10. If the new firmware stick was present when PS4 booted (in low definition interlaced graphics mode, do not be alarmed), it will proceed to install the upgraded firmware onto the new and empty disk. This will take some minutes, but isn’t too bad. After all is done, the system boots and you’re greeted with the first-use wizard. I forgot that the home screen has background music and sounds.

  11. Insert your backup USB storage and start the backup restore tool (same menu location as before). Restoring was about one third of time (although didn’t measure it). When restore completes, system will restart.

  12. Login with all profiles to PSN and enter passwords (they don’t seem to be part of the system backup, which perhaps is better this way, since accessing it did not require a passphrase).

  13. Enjoy all your mega-fancy empty space for a weekend and a couple of days and decide to download all the games from the PSN library that you haven’t finished. Yeah, going slightly overboard.

  14. While downloads are going, insert a Bluray disc of a movie (I fail to recall which it was) and observe a complete freeze of the system. Force reboot the system, and observe how it hangs completely when it gets to about 25% of the file system check progress. Oddly this was also the amount of storage that was in use that the “Application storage usage” reported before I started the spree with the downloads.

  15. Restart into fail safe mode, and “rebuild the database”. After waiting for some time (perhaps an hour, this was going on the background), the system will reboot and hang after selecting profile to log in as.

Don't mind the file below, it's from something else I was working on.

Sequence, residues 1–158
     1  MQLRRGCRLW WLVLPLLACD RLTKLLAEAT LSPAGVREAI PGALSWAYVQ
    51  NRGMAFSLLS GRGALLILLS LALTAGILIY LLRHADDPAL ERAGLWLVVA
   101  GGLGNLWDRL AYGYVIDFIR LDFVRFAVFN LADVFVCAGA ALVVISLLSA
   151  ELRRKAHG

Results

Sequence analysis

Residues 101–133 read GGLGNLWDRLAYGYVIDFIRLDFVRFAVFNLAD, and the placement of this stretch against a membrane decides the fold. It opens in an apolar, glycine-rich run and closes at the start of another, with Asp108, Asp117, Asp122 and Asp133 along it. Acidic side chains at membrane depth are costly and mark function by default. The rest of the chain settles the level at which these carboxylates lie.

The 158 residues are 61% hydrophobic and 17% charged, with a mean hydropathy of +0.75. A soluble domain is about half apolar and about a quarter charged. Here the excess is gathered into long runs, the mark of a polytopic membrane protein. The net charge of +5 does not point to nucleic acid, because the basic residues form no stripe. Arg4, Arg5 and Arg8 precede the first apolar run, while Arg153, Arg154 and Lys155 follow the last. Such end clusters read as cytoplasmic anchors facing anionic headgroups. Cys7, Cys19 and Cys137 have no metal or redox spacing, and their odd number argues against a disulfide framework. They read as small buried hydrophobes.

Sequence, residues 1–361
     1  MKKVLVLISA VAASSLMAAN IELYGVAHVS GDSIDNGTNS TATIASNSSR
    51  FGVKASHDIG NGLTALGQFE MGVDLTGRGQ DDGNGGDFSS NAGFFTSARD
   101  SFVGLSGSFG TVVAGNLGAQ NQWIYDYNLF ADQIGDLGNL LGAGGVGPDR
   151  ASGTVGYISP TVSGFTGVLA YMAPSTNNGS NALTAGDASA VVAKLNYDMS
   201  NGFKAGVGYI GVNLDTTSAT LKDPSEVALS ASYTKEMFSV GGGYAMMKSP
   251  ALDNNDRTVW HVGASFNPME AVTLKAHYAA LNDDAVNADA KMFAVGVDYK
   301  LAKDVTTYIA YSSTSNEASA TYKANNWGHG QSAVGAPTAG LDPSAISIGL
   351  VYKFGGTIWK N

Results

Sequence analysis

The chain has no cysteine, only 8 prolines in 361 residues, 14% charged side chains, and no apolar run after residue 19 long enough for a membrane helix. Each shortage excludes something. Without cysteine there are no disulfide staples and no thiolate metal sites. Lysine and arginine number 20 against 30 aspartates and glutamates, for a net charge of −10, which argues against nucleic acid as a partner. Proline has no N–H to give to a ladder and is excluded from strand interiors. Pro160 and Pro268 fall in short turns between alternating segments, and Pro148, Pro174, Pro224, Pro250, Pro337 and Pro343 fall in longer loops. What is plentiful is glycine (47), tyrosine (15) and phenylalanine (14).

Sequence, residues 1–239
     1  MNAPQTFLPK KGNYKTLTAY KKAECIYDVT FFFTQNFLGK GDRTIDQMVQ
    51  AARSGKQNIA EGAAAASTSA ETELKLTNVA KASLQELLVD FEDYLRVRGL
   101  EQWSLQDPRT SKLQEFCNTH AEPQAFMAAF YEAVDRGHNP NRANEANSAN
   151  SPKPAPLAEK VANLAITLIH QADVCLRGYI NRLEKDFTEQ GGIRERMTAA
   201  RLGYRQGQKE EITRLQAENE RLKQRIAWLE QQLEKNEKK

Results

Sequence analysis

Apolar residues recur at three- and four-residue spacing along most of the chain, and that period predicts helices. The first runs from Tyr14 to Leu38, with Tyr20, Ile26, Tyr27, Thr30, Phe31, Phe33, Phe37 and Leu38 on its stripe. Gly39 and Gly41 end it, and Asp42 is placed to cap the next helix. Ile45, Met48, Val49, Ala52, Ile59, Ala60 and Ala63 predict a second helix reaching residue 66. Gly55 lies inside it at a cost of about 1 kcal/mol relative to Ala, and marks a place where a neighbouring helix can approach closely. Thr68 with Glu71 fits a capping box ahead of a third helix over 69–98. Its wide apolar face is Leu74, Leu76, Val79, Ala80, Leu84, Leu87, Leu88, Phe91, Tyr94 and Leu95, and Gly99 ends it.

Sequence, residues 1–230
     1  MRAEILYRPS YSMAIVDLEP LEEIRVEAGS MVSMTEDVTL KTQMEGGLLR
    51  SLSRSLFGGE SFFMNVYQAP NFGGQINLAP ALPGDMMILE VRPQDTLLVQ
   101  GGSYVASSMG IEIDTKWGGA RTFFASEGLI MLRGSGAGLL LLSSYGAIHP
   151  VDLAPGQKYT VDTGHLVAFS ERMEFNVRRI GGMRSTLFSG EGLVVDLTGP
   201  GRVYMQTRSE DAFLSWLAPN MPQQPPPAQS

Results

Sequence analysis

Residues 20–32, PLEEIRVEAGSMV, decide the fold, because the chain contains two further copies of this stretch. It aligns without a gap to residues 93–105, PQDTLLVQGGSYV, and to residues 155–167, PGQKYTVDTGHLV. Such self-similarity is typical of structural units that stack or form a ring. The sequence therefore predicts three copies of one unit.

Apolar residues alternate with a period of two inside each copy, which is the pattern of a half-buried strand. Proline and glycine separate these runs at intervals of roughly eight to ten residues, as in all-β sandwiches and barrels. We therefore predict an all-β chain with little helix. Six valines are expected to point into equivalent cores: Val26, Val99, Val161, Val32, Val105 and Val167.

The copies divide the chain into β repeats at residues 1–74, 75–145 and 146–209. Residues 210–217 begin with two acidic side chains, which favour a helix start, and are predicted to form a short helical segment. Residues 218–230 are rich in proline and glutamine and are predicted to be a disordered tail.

16. Seeing as I still have relatively fresh backups, go into safe mode again and go nuclear and select factory reinstall.

  17. Bask in the glory of another hang during the file system initialization phase.

  18. Cry yourself to sleep. And come back the next day.

  19. Repeat steps 7 and 8 with the original drive (you kept the original drive, right?)

  20. Clap hands in joy when system actually comes back without issues. You’ll need to select the system as primary PS4 again after this, but otherwise things work. I expected to have to do the full re-install phase at this point.

  21. Take the failed hybrid drive to an USB 3.0 hard drive chassis and ask the disk what it thinks is wrong using smartctl. It thinks that all is fine, except that there are about 1500 sectors that it doesn’t know what to do with. It also wants to make some funny sounds while at it. Sometimes running secure erase at this point might actually resuscitate a drive. Or putting it into a ice-box for a while (true story). But since I had the drive for under 10 days, decided just to play nice and go through the RMA process. I’ve never gone through the RMA process before with this exact vendor, so I was slightly apprehensive.